|Below are local, weekly updates of findings in the field, provided by Servi-Tech. These updates are designed to keep you informed with overall crop health and pest pressure for southeast Nebraska.|
Corn: Early dent to ½ starch line
There has been only one day in August that hit 90 degrees or above and that was August 1st according to our tracking. Right now, we are tracking 4-6 days short on heat units from last year. The mid-April planted corn is about ½ starch line; corn planted in later May is starting to dent or just about to. We’ve had 5-10” of rain this month it has been too much for some low areas but a lot of dryland acres look really good for the tough July they had.
With all that rain, we’ve saved a lot of irrigating. Temps are supposed to be a little warmer this coming week; growers sure aren’t going to want to hear the news to make a final pass of water on some fields. Corn is looking a lot more normal this year than last year with far less erratic pollination, banana ears, etc. We are seeing a lot of 16-18 around by mid 30’s long ear dimensions out there.
Some corn leaf aphids have shown up but they’ll cycle out sooner than later, and we aren’t going to see major issues with them. Diseases are slowing down, at this date even on the latest corn we’re going to have to be okay.
Soybeans: mid pod fill to late full seed
In the last week the first 2.4 maturity beans planted by May 10 look like their season is about done. Some dryland hillsides just starting to show some color turning. The June planted beans have aborted some pods you find a few little ones on the ground now. We’ll have to keep checking them probably a couple weeks yet. If we can keep the sun out for a little bit, they’ll get filled out and be acceptable. A lot of irrigated beans have lodging that ranges from a little to way too much. We’ll see with all this rain we’ve had if that pays off or not as the dryland beans look good right now.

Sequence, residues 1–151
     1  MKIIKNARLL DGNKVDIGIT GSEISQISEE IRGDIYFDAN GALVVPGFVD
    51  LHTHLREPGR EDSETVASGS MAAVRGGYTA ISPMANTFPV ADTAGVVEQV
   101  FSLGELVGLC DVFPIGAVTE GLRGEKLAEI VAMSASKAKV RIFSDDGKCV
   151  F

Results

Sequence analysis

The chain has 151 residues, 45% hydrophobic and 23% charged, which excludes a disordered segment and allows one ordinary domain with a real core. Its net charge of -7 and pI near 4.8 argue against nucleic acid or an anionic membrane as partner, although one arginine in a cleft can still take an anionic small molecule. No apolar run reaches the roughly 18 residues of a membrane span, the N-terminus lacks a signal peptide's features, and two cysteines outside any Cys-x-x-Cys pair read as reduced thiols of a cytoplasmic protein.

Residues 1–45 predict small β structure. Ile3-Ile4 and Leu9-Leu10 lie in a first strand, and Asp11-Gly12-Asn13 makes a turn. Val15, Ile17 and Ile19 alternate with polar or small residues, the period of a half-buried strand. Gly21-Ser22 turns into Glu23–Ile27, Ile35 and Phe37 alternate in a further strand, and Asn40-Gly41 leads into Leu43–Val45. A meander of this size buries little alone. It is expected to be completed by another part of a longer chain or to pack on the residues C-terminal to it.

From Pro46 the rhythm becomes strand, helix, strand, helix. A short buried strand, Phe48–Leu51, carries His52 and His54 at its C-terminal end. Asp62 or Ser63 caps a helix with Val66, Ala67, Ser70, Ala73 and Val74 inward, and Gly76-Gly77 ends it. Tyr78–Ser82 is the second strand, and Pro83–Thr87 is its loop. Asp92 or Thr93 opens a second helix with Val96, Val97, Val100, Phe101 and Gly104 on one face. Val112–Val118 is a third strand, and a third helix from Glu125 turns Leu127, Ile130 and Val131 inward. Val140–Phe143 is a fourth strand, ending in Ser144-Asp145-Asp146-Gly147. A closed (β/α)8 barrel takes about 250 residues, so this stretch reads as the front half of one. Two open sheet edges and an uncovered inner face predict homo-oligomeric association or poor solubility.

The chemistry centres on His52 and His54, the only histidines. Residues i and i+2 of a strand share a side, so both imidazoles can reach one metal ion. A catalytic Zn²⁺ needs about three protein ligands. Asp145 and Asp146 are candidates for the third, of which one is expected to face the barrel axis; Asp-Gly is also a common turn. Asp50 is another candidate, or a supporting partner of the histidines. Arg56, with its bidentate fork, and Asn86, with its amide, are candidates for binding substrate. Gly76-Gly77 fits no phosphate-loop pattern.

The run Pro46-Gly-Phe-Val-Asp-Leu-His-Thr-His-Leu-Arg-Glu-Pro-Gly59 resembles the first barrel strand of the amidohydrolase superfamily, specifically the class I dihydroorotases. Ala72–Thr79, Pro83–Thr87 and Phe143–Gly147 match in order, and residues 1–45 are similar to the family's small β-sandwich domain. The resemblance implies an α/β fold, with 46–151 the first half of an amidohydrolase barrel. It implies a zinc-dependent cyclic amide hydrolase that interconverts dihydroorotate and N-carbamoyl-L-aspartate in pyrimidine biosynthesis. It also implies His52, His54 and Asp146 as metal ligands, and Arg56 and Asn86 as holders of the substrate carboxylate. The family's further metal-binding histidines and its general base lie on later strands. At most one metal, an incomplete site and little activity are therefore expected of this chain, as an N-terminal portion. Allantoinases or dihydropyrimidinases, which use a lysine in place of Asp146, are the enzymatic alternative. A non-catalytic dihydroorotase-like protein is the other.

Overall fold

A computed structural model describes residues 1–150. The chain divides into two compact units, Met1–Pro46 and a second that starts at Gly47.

SDS and white mold are showing up in some of the lodged beans. It came up pretty suddenly from one week to the next. Hopefully what showed up last week will be the bulk of it. It appears to be staying limited to the furthest along beans and giving the later ones a chance. All this cooler weather prevented the soybean aphids from ever really getting going, which is always a positive.
Corn: Dough to 1/8 starch.
Surely has been a more challenging year with cool wet soils delaying spring planting/replant, to a summer drought with high heat, and then cooler weather in the 70’s delaying growth the past few weeks. Mother Nature continues to amaze us with her challenges this year. After the cool wet spring, extremely hot and dry June and now almost month of temperate grain fill, most of the corn looks really good. We received a couple good rains the past few weeks which saved a lot of dryland yield. Disease pressure has continues to be a hit or miss on fields. Grey leaf spot has been increasing in pressure, which most of those fields got a fungicide/insecticide application after first signs of southern rust. Western bean cutworm has been a problem as we have still been finding new egg masses as of last week. Once again, the rootworm beetle has proven challenging on some of the continuous corn on corn fields. With some of these late rains, we are looking at wrapping up irrigation soon as this corn progresses in stage.
Soybeans: Early to Full Seed.